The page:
Documentation

Migrating to Ansible Container

Starting a new project from an Ansible Galaxy project template is pretty easy. But what if you’ve already got an existing project you’d like to use with Ansible Container?

Migrating from a Dockerfile

If you have an existing project that you’re containerizing by building from a Dockerfile, you can translate that Dockerfile into an Ansible Container project and Ansible role using the import command.

The import command will examine your Dockerfile and translate its directives into an equivalent Ansible container-enabled role. RUN directives will be split and turned into shell or command tasks. ADD or COPY directives will be turned into copy, synchronize, or get_url tasks. And other directives will be converted into role default variables or container metadata.

When you run the build process against the resulting project, pay attention to the output that Ansible provides. It will offer suggestions for how you can better leverage built-in Ansible modules to refine your tasks. For example, if your Dockerfile contained a directive to RUN yum install, Ansible will give you a suggestion that you might wish to make use of the built-in yum module bundled with Ansible instead.

What comes out of running import will get you there most of the time, but it always makes sense to walk through what was generated to give it a sanity check.

By way of an example, let’s imagine you have a directory named node that contains the following Dockerfile for a simple Node service:

FROM node:7.9.0

RUN mkdir -p /app
WORKDIR /app

ARG NODE_ENV dev
ENV NODE_ENV $NODE_ENV
COPY package.json /app/
RUN npm install && npm cache clean
COPY . /app/

CMD [ "npm", "start" ]

To migrate the above to an Ansible Container project, start by creating a new project directory. You’ll run the import command from within this new directory in order to keep generated artifacts separate from the existing project. For example, create a new directory named acnode next to the existing node directory, and set your working directory to acnode, as follows:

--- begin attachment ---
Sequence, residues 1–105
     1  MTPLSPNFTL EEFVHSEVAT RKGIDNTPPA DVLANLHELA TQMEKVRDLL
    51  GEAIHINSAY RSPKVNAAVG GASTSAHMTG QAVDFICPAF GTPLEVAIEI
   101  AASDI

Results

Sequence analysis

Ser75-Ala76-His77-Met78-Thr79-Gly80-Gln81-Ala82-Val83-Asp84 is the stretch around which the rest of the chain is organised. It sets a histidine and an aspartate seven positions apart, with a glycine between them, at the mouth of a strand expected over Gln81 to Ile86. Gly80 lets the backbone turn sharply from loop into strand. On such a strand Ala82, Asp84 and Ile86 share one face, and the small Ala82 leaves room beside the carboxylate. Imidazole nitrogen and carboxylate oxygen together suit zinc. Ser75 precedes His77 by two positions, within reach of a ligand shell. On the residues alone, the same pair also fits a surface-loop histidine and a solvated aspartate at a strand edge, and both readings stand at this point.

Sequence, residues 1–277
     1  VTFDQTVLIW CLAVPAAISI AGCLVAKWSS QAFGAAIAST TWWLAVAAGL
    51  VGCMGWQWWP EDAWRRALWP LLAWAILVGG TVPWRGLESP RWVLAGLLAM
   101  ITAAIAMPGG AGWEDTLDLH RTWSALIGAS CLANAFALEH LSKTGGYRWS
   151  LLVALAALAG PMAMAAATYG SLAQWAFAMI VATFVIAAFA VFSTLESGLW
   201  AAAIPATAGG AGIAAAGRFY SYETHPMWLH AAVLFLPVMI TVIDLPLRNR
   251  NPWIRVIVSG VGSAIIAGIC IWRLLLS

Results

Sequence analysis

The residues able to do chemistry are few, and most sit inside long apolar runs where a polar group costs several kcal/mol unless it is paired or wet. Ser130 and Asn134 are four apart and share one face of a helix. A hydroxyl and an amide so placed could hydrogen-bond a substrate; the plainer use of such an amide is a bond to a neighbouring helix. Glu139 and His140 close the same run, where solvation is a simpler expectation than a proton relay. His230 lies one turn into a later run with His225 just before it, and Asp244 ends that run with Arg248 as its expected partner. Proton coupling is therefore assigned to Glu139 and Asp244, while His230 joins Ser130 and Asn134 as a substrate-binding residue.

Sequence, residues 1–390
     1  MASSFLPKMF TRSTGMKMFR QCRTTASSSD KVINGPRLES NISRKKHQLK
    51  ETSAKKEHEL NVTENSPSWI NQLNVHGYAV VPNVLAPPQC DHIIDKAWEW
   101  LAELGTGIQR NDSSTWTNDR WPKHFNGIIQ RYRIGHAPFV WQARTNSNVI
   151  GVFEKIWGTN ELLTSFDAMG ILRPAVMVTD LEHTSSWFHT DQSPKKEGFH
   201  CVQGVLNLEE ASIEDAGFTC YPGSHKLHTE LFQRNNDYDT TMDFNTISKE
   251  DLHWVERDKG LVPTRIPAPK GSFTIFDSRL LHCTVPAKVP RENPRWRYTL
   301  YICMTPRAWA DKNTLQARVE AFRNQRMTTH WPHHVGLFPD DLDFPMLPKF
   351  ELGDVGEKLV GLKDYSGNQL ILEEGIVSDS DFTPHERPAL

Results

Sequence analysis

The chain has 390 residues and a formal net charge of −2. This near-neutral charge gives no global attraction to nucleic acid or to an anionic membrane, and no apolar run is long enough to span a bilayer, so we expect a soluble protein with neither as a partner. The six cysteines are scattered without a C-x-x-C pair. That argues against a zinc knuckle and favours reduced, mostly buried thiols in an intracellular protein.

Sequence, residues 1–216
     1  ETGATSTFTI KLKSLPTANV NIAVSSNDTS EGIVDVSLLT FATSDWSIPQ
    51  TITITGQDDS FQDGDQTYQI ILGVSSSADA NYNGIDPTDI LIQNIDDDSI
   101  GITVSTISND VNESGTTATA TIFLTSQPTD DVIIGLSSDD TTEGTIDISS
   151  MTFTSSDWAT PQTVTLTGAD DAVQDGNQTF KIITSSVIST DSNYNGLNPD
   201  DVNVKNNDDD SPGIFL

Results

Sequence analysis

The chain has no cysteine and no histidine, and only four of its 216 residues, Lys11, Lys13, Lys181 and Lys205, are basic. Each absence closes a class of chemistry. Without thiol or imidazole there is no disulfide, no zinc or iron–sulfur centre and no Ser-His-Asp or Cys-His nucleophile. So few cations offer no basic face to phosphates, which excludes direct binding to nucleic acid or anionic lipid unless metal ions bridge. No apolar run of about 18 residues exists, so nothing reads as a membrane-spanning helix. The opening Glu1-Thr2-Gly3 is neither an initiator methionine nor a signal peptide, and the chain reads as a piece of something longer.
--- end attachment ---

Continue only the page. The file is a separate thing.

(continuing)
$ mkdir acnode
$ cd acnode

Now from within the acnode directory, run ansible-container import ../node to perform the import. Once completed, you will see output similar to the following that explains what the import did, and describes each file it produced:

$ ansible-container import ../node

Project successfully imported. You can find the results in:
~/acnode
A brief description of what you will find...

container.yml
-------------

The container.yml file is your orchestration file that expresses what services you have and how to build/run them.

settings:
  conductor_base: node:7.9.0
services:
  node:
    roles:
    - test

I added a single service named node for your imported Dockerfile.
As you can see, I made an Ansible role for your service, which you can find in:
~/acnode/roles/node

acnode/roles/test/tasks/main.yml
--------------------------------

The tasks/main.yml file has your RUN/ADD/COPY instructions.

- shell: mkdir -p /app
- name: Ensure /app/ exists
  file:
    path: /app/
    state: directory
- copy:
  src: package.json
  dest: /app/
- shell: npm install && npm cache clean
  args:
    chdir: /app
- name: Ensure /app/ exists
  file:
    path: /app/
    state: directory
- synchronize:
  src: .
  dest: /app/
  recursive: yes


I tried to preserve comments as task names, but you probably want to make